Thank you, thank you! You know, we feed off of each other in this band. If I watch Scott [Travis] going crazy on the drums and doing these amazing drum patterns and seeing his efforts and determination, then I’m going to bounce off that. I mean, that is what is important about having the love and respect of your fellow players. We all have a job to do, but the best of that job comes out of the teamwork effort and being there for each other and encouraging each other. Much like every Priest album, the end experience is born out of a lot of important team dynamics more than anything else.

That’s a stellar outlook on being in a band and making music, especially over so many years. On the topic of older music of yours, do you ever go back and listen to some of your deep cuts? With a discography as unique and immersive as yours, I can imagine that there are songs that even you rediscover once in a while.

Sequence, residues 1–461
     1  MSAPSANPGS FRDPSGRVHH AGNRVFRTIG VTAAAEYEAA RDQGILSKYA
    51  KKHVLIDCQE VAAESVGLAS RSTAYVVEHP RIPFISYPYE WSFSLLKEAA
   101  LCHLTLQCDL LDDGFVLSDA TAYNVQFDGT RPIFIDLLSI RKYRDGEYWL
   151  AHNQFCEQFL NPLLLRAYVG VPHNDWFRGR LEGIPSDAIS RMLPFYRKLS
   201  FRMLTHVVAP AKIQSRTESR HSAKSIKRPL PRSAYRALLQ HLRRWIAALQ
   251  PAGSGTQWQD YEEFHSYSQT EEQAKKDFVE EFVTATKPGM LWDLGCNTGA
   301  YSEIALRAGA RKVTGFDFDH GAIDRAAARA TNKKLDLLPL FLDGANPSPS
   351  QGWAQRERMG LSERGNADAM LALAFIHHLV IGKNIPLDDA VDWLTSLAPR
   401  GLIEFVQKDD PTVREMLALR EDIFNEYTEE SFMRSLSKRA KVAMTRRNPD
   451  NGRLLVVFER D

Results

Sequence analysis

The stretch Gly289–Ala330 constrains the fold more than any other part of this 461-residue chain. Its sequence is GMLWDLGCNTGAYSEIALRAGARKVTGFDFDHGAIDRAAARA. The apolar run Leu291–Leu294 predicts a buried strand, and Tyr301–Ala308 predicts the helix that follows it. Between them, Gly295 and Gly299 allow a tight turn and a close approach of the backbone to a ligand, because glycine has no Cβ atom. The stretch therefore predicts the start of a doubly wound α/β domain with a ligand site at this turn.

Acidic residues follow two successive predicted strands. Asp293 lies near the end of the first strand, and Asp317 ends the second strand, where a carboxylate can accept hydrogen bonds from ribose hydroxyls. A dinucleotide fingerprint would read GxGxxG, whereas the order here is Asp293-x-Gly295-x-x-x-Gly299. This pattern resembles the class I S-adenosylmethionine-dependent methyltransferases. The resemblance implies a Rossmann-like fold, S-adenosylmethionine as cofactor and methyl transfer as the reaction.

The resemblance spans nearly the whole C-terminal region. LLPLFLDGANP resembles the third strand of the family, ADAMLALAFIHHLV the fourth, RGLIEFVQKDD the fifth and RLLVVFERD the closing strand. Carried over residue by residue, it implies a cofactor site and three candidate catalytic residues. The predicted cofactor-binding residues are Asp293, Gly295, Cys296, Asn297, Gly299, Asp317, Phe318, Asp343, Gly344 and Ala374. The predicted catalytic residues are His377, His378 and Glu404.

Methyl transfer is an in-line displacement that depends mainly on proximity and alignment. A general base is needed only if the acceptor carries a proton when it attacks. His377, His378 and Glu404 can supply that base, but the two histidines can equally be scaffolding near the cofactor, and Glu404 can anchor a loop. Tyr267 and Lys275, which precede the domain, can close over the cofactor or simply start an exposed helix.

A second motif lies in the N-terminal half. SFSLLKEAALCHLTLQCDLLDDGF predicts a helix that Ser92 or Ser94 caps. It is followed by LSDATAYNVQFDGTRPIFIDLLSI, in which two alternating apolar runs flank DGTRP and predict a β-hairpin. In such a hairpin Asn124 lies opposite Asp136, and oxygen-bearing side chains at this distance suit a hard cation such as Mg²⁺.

We’ve been doing that a lot recently, Debra, because we are trying to dust off the mantle of songs that we haven’t played in a while. There are so many tracks, but we’re mentioning certain tracks like “All Guns Blazing” and “Out in the Cold.” There are all of these incredible Judas Priest songs that you tend to forget, you know? You’re always out there showing of your latest creation, as we are with Firepower, and then you have to include the songs that your fans are ravenous to hear and are absolutely entitled to hear. So, once you start putting all that together, a bulk of the show has already made itself on the set list, but by the same style, there are always 45 minutes that you can utilize for some new adventures. That is what we’ve been doing recently, so, yeah I listened to Rocka Rolla, our first album, recently and I would love to do the title track live. I’m not sure why I feel that way, but there is just something very special about the Rocka Rolla title track that still resonates with me, and I would love to hear Priest play that track now, how many decades later. There are so many things to listen to and try out that I’m sure we’ll be able to bring to life by the time we come to your parts of the world.